Wrightson spent seven years drawing approximately 50 detailed pen-and-ink illustrations to accompany an edition of Mary Shelley’s novel Frankenstein, which the artist considers among his most personal work. Wrightson drew the poster for the Stephen King-penned horror film Creepshow, as well as illustrating the comic book adaptation of the film. This led to several other collaborations with King, including illustrations for the novella “Cycle of the Werewolf,” the restored edition of King’s apocalyptic horror epic, “The Stand,” and art for the hardcover editions of “From a Buick 8” and “Dark Tower V.” Wrightson has contributed album covers for a number of bands, including Meat Loaf. The “Captain Sternn” segment of the animated film Heavy Metal is based on the character created by Wrightson for his award-winning short comic series of the same name.

Characters he worked on included Spiderman, Batman and The Punisher, and he provided painted covers for the DC comics Nevermore and Toe Tags, among many others. Recent works include Frankenstein Alive Alive, Dead She Said , the Ghoul and Doc Macabre (IDW Publishing) all co-created with esteemed horror author Steve Niles, and several print/poster/sketchbooks series produced by Nakatomi.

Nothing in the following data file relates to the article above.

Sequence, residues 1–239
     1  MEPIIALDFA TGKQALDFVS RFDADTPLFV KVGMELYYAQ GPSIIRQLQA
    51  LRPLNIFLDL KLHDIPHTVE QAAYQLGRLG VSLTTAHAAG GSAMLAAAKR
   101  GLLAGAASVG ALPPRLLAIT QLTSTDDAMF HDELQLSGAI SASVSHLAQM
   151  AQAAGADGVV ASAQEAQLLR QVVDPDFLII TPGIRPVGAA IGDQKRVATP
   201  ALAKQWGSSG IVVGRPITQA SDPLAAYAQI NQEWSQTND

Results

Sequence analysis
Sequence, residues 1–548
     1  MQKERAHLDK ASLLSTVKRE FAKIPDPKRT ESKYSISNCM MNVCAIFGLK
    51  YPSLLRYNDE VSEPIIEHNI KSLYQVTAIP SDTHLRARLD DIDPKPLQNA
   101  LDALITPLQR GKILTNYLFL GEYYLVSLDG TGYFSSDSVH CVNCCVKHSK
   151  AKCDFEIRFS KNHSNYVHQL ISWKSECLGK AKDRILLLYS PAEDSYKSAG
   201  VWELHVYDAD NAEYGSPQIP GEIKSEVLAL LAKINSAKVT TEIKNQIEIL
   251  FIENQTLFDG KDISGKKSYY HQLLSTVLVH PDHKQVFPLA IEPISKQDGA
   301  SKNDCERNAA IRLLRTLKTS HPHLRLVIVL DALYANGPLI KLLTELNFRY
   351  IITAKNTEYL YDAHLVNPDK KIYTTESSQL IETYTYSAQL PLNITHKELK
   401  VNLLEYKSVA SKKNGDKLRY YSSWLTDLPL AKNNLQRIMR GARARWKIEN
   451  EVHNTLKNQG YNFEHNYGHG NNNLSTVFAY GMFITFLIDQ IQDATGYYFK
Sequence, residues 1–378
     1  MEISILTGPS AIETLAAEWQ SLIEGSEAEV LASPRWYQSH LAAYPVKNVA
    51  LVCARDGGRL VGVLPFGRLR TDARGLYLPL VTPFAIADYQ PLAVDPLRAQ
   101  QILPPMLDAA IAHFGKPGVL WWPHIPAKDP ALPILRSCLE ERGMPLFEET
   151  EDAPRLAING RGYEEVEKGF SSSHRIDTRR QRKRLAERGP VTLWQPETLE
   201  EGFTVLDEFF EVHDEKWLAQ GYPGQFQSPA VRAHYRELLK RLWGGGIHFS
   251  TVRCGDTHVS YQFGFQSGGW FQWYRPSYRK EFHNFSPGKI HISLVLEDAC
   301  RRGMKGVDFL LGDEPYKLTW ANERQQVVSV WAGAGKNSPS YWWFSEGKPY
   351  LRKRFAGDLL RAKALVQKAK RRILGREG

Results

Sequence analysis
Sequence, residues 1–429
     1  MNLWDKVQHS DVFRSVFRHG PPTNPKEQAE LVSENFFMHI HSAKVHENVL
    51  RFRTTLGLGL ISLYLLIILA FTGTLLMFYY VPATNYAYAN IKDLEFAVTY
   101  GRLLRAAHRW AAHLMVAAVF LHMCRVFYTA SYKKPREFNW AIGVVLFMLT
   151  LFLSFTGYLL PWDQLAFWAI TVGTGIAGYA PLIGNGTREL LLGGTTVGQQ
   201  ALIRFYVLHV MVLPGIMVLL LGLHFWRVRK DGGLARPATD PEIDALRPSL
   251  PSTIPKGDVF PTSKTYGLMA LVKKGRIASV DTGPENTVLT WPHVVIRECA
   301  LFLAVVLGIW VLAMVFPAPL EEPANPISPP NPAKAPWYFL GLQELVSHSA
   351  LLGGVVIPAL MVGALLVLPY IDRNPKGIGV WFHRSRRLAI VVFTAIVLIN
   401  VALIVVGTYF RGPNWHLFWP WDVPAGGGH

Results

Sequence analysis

As a conceptual artist, Bernie worked on many movies, particularly in the horror genre: well-known films include Ghostbusters, The Faculty, Galaxy Quest, Spiderman, and George Romero’s Land of the Dead, and Frank Darabont’s Stephen King film The Mist.

Bernie lived in Austin, Texas with his wife Liz and two corgis – Mortimer and Maximillian. In addition to his wife, he is survived by two sons, John and Jeffrey, one stepson, Thomas Adamson, and countless friends and fans. A celebration of his life is planned for later this year.


Daryl Dixon – By David Hardy

Here is the 3rd amazing caricature from The Walking Dead by artist David Hardy. Following on from his exceptional art of Rick Grimes, and Michonne, Dave has created possibly his best work so far – Daryl Dixon. Enjoy.